William Cullen Bryant

Robert Carruthers, in Chambers's Cyclopaedia of English Literature, 3rd ed. (1876; 1879) 7:84-85.

The father of the present generation of American poets, and one of the most original of the brotherhood, is WILLIAM CULLEN BRYANT, born at Cummington, Hampshire County, Massachusetts, November 3, 1794. With a precocity rivaling Cowley or Chatterton, Bryant at the age of thirteen wrote a satirical poem on the Jeffersonian party, which was published in 1808 under the title of The Embargo. A few lines from this piece will shew how well the boy-poet had mastered the art of versification [omitted]. From the perilous course of political versifying, the young author was removed by being place at Williams College. He was admitted to the bar, and practised for several years with fair success; but in 1825, he removed to New York, and entered upon that literary life which he has ever since followed. In 1826 Mr. Bryant became editor of the New York Evening Post, and his connection with that journal still subsists. His poetical works consist of Thanatopsis — an exquisite solemn strain of blank verse, first published in 1816; The Ages, a survey of the experience of mankind, 1828; and various pieces scattered through periodical works. Mr. Washington Irving, struck with the beauty of Bryant's poetry, had it collected and published in London in 1832. The British public, he said, had expressed delight at the graphic descriptions of American scenery and wild woodland characters contained in the works of Cooper. "The same keen eye and just feeling for nature," he added, "the same indigenous style of thinking and local peculiarity of imagery, which give such novelty and interest to the pages of that gifted writer, will be found to characterise this volume, condensed into a narrower compass, and sublimated into poetry."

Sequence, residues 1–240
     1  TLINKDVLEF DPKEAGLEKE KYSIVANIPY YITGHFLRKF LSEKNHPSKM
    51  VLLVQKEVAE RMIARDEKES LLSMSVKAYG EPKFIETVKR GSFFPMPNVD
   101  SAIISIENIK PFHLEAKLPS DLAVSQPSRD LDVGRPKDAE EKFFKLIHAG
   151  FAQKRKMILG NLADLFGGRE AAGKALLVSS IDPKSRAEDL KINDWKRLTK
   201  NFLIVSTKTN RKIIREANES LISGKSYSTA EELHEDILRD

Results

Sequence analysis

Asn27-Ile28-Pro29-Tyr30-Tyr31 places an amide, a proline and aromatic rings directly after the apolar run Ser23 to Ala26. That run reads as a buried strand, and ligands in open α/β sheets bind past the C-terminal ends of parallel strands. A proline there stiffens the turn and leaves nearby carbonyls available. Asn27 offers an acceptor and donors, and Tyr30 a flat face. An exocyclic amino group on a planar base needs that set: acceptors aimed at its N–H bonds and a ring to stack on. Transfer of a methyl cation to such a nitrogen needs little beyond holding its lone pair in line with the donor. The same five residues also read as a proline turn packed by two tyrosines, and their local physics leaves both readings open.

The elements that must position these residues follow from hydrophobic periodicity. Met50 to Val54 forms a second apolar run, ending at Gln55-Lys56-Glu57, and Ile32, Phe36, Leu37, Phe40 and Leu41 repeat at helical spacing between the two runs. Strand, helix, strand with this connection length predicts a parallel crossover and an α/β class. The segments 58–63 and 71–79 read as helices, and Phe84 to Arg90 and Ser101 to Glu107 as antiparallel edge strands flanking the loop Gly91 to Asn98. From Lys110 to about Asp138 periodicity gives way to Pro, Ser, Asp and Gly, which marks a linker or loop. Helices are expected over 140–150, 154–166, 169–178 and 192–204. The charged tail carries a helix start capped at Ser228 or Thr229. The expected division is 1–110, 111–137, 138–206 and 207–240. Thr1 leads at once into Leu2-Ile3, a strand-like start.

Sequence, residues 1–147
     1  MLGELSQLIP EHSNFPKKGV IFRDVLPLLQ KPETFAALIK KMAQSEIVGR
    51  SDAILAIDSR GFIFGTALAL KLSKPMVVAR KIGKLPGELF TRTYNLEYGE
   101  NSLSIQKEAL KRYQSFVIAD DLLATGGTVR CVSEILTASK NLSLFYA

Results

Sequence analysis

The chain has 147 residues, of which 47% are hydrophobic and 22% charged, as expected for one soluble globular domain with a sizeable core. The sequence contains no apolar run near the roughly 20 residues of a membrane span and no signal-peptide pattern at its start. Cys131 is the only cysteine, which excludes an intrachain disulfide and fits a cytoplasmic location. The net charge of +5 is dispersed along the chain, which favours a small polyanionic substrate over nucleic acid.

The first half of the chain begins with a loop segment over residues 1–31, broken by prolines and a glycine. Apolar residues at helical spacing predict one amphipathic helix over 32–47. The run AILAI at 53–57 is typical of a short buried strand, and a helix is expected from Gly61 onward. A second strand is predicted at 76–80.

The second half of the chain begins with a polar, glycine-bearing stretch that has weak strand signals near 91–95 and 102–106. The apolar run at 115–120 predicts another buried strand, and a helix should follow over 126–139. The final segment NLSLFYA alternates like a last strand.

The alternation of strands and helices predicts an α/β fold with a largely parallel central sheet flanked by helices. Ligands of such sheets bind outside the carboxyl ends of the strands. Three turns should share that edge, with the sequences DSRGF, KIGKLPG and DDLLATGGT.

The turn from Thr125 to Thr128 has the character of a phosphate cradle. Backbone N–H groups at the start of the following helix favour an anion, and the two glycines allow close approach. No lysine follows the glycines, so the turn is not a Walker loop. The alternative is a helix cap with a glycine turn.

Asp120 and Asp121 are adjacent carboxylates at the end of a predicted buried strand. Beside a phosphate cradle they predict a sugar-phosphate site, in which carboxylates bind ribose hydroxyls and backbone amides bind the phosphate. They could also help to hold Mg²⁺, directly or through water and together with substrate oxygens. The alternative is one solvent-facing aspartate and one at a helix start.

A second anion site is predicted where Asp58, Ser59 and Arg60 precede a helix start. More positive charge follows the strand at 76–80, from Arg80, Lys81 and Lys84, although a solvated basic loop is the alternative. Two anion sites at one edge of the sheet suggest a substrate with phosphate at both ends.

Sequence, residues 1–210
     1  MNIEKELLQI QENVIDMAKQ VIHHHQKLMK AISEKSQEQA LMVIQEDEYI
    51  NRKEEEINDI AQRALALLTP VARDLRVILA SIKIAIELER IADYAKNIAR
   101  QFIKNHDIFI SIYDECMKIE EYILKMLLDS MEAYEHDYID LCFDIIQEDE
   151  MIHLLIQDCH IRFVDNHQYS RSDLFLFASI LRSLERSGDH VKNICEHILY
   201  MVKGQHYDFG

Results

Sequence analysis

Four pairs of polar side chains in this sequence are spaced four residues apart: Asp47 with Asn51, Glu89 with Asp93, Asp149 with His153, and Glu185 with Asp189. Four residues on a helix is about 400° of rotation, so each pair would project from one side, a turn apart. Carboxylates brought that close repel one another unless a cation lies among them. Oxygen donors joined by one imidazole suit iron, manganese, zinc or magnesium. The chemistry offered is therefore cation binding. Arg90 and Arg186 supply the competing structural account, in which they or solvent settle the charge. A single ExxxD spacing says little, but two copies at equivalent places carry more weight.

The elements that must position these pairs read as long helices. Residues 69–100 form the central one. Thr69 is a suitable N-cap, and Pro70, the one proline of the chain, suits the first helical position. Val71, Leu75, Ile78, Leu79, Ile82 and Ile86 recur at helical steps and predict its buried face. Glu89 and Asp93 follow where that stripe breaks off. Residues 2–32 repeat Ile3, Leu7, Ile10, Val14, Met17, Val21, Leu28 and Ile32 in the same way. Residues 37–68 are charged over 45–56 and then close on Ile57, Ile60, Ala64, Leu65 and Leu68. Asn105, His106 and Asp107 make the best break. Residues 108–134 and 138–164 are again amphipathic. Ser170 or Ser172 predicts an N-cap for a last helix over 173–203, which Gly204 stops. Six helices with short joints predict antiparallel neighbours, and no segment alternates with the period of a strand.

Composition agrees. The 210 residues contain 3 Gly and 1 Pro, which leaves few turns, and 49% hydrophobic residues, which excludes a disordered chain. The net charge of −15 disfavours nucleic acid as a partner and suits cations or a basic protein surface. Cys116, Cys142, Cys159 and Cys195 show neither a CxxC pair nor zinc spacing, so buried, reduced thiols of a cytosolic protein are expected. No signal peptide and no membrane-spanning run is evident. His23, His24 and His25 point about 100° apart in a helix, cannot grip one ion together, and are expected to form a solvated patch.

From this opinion Professor Wilson — who reviewed the volume in Blackwood's Magazine — dissented, believing that Cooper's pictures are infinitely richer in local peculiarity of imagery and thought. "The chief charm of Bryant's genius," he considered, "consists in a tender pensiveness, a moral melancholy, breathing over all his contemplations, dreams, and reveries, even such as in the main are glad, and giving assurance of a pure spirit, benevolent to all living creatures, and habitually pious in the felt omnipresence of the Creator. His poetry overflows with natural religion — with what Wordsworth calls the religion of the woods." This is strictly applicable to the Thanatopsis, and Forest Hymn; but Washington Irving is so far right that Bryant's grand merit is his nationality and his power of painting the American landscape, especially in its wild, solitary, and magnificent forms. His diction is pure and lucid, with scarcely a flaw, and he is master of blank verse. Mr. Bryant translated the Iliad and Odyssey, 4 vols. (Boston, 1870-72).